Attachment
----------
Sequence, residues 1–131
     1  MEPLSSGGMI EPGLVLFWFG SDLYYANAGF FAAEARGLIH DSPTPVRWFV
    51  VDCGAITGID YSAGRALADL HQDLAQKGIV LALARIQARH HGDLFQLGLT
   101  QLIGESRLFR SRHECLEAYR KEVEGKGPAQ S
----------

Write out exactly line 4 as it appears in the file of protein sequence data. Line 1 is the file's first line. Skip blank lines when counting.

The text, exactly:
   101  QLIGESRLFR SRHECLEAYR KEVEGKGPAQ S